Stocks to watch: Hewlett-Packard, Transatlantic
The computer maker will report quarterly results after the market closes. Alleghany says it will buy Transatlantic Holdings for $3.4 billion.
By Joseph Woelfel, TheStreet
Hewlett-Packard (HPQ) will report fiscal-fourth-quarter earnings after the close Monday. The report will be the first under new CEO Meg Whitman, who joined the company in the middle of the quarter. Analysts expect HP to have earned $1.13 a share on revenue of $32.06 billion.
Property and casualty insurer Alleghany (Y) said it will buy reinsurer Transatlantic Holdings (TRH) for $3.4 billion in a cash-and-stock deal. The per-share price of $59.79 is a 10% premium to Transatlantic's Friday closing price of $54.43.
Gilead Sciences (GILD) has agreed to buy Pharmasset (VRUS) for $137 a share in cash in a deal valued at $11 billion. The transaction price is an 89% premium to Pharmasset's Friday closing price of $72.67.
Tyson Foods (TSN) said its fiscal-fourth-quarter profit fell to $97 million, or 26 cents a share, from $213 million, or 57 cents, a year earlier. The results fell short of the 32-cent profit analysts surveyed by Thomson Reuters expected.
Pfizer (PFE) will pay more than $60 million to settle federal probes into whether it paid bribes to win business outside the U.S., according to The Wall Street Journal. The settlements are expected to be made public by the end of the year, according to the report, published Sunday on the Journal's website. The report cited anonymous sources familiar with the situation.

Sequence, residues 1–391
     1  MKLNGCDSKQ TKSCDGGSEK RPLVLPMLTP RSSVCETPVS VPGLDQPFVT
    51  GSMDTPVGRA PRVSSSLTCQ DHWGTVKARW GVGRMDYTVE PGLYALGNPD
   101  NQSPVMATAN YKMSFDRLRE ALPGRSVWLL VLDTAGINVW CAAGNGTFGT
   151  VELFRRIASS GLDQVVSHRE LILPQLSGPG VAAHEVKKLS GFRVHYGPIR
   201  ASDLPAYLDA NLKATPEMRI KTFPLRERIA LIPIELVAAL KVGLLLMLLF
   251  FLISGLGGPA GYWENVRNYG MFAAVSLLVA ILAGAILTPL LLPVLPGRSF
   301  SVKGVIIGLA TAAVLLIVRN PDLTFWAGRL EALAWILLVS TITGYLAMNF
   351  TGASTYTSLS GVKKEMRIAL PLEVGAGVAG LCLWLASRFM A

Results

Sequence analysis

Western Digital (WDC), the producer of computer-storage technology, said an arbitrator in Minnesota has ruled against the company in a dispute with Seagate Technology (STX) and awarded Seagate $525 million plus interest. Western Digital shares were down 1% to $25.59.
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[BRIEFING.COM] The S&P 500 ended this week with a bang, roaring to a new all-time high on the back of stronger-than-expected economic data, influential leadership, and an ongoing appreciation for the Fed's monetary policy support.
The bullish bias was evident in premarket action as the S&P futures pointed to a higher start without the benefit of any definitive news catalyst. Stocks indeed benefited from a blast of buying interest at the opening bell on this ... More
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